An au pair (/oʊˈpɛər/; plural: au pairs) is a domestic assistant from a foreign country working for, and living as part of, a host family. Typically, au pairs take on a share of the family’s responsibility for childcare as well as some housework, and receive a monetary allowance for personal use.

Au pair arrangements are subject to government restrictions which specify an age range usually from mid-late teens to mid to late twenties; some countries explicitly limit the arrangement to females.

In Europe, au pairs are only supposed to work part-time, and they often also study part-time, generally focusing on the language of the host country. In 1969, the European Agreement on Au Pair Placement was signed, and it came into force in 1971.

Providing childcare is the main responsibility of an au pair, though the host family may also request some light housework. All tasks are defined in the official au pair contract and cannot be changed by the au pair or the host family.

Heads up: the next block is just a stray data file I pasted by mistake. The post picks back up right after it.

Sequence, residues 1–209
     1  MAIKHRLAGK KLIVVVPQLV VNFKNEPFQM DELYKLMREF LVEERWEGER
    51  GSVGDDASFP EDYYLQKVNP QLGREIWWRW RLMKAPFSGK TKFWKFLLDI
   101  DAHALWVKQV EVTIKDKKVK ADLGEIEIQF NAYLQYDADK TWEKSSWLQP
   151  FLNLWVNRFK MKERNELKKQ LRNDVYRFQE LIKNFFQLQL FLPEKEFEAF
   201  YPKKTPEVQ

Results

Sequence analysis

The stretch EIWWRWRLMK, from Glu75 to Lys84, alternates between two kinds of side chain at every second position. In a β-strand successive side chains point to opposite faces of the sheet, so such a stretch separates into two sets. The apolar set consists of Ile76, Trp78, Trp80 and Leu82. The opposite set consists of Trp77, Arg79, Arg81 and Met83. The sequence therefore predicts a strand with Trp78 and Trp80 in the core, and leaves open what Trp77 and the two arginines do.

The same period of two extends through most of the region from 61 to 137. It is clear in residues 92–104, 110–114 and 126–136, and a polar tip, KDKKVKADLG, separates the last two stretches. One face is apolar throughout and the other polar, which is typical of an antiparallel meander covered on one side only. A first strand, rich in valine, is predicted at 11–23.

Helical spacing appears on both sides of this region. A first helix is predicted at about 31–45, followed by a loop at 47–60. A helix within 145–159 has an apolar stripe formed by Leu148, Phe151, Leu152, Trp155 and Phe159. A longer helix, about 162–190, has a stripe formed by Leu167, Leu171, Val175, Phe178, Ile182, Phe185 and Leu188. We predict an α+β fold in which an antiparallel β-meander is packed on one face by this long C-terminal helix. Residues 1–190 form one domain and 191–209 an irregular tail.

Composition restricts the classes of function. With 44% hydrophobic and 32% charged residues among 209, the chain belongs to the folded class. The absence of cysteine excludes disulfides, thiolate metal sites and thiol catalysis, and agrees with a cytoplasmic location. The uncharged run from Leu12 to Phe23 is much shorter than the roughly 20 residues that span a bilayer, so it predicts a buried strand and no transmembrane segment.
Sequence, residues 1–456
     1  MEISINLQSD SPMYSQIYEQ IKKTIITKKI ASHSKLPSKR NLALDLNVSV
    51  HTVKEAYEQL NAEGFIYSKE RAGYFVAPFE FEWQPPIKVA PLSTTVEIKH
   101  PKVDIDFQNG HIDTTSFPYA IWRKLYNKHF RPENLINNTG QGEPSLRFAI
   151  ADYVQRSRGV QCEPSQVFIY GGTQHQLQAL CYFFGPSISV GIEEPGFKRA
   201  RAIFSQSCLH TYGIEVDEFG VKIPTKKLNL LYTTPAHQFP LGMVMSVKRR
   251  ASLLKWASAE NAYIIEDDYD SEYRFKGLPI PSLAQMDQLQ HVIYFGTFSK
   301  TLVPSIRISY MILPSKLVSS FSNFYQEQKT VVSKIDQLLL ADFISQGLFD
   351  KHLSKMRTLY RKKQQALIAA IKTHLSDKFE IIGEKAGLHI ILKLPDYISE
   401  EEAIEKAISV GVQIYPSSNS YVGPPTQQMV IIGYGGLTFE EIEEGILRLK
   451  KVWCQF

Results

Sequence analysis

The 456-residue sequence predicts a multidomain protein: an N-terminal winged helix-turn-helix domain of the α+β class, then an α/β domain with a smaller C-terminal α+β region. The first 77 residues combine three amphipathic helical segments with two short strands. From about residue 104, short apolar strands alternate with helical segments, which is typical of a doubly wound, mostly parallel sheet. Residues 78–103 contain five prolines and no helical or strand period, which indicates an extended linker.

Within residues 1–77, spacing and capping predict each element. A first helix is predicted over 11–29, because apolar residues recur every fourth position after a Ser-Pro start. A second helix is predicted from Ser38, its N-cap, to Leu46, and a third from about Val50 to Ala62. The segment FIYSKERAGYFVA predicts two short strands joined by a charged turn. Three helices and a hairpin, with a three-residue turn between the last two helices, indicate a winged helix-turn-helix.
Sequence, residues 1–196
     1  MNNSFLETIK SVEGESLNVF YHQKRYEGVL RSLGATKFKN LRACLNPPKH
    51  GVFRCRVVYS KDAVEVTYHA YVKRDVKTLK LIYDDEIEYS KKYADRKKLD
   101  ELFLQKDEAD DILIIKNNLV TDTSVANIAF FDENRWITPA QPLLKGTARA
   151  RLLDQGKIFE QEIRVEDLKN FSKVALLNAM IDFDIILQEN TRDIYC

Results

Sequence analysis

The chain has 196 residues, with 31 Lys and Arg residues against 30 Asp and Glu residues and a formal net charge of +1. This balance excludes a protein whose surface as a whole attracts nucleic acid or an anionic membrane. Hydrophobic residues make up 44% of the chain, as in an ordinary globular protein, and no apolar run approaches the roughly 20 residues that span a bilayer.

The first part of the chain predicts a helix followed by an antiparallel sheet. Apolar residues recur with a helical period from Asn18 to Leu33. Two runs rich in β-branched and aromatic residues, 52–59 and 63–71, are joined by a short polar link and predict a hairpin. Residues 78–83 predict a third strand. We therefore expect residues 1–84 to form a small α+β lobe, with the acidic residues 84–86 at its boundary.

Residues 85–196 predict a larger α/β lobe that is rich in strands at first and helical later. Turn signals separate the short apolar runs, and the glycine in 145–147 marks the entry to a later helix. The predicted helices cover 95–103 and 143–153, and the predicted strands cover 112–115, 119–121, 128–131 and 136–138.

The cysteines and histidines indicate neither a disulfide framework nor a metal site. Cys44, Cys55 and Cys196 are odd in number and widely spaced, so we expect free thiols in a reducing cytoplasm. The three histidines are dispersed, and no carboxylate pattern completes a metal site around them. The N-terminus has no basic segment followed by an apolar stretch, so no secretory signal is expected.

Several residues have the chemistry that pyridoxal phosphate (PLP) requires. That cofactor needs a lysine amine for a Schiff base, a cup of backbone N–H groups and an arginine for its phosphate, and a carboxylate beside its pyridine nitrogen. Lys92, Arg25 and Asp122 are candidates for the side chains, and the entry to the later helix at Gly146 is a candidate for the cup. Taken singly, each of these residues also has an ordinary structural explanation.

The au pair receives free board and lodging, and is entitled to food and accommodation in cases of illness and holidays. She also has her own bedroom and key to the house.

The host family subscribes to health and accident insurance, as well as an insurance for potential repatriation costs for the au pair.

List of host countries: USA, Australia, Austria, Belgium, Canada, China, Denmark, Finland, France, Germany, Iceland, Ireland, Italy, Japan, Luxembourg, Netherlands, New Zealand, Norway, Spain, Sweden, Switzerland, Turkey, United Kingdom

Here’s my personal experience as an Au Pair in Brussels, Belgium: My Au Pair Story